In 1240, the Swedes marched on Rus to the Neva by sea, and the Germans marched to Pskov by land. Alexander, Prince of Novgorod, acted quickly and decisively: not allowing the Swedish and German knights to unite, he marched with a small retinue to the Neva district. “God is not strong, but in Truth,” he encouraged his retinue.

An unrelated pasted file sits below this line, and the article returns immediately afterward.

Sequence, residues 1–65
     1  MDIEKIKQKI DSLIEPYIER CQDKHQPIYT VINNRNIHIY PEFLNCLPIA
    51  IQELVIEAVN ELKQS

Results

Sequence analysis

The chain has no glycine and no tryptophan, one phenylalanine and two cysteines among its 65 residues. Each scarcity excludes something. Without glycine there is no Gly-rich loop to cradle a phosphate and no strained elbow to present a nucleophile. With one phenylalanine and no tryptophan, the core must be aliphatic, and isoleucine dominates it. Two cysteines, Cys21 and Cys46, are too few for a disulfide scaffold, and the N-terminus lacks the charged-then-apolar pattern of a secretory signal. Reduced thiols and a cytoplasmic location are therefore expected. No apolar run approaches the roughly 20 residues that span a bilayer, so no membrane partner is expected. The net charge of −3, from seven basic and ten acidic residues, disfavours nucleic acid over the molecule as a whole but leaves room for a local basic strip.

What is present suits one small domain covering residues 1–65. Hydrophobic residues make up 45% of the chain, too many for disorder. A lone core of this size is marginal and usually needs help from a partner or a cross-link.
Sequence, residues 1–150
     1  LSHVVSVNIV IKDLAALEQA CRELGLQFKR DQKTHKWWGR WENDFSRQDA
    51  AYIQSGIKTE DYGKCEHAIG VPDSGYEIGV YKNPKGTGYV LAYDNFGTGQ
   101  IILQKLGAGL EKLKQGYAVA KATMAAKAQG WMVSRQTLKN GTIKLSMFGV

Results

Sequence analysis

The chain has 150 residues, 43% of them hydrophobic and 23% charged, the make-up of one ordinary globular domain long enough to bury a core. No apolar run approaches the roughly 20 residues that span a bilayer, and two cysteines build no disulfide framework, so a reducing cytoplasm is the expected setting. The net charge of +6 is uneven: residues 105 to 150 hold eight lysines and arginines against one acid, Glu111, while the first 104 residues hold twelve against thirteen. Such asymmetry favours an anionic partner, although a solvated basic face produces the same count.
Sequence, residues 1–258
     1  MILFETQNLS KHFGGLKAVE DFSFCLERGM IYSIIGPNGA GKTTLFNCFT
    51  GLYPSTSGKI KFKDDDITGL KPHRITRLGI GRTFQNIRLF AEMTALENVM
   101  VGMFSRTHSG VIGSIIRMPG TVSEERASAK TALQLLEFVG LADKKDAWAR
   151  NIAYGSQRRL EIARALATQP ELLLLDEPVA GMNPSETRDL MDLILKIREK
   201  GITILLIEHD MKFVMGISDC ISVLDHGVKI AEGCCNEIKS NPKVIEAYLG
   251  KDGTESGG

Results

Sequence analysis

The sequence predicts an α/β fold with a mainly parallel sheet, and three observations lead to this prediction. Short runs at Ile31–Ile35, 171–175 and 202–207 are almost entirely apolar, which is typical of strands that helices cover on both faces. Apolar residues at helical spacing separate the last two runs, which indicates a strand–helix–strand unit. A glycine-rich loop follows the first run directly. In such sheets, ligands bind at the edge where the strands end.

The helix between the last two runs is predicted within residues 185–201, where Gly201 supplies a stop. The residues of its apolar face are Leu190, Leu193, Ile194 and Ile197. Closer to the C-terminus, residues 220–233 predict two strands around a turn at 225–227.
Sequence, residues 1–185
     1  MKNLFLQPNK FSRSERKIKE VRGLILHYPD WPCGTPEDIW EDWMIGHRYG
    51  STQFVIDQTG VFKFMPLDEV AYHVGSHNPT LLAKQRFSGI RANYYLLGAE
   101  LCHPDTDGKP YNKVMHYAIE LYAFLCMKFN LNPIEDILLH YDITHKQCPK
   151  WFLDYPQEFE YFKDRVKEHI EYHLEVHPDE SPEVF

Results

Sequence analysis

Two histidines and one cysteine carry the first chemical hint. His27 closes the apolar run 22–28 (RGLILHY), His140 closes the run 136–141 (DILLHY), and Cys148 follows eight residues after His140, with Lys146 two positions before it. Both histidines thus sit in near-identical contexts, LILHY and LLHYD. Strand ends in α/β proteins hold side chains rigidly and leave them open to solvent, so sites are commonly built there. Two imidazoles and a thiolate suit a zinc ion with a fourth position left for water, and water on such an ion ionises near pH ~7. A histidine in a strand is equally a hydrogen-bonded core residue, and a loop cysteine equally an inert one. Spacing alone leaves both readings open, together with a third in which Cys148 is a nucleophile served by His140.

The battle took place on the day of memory of Vladimir, the baptist of Russia, July 15, 1240. Prince Alexander made his way to the center of the camp and fought with Jarl Birger, the Swedes’ commander and “put a seal on his face with a sharp spear”, as the Life of Alexander Nevsky says. Having lost many warriors, the enemies fled along the Neva to the sea. For this victory Novgorod Prince Alexander nicknamed Nevsky.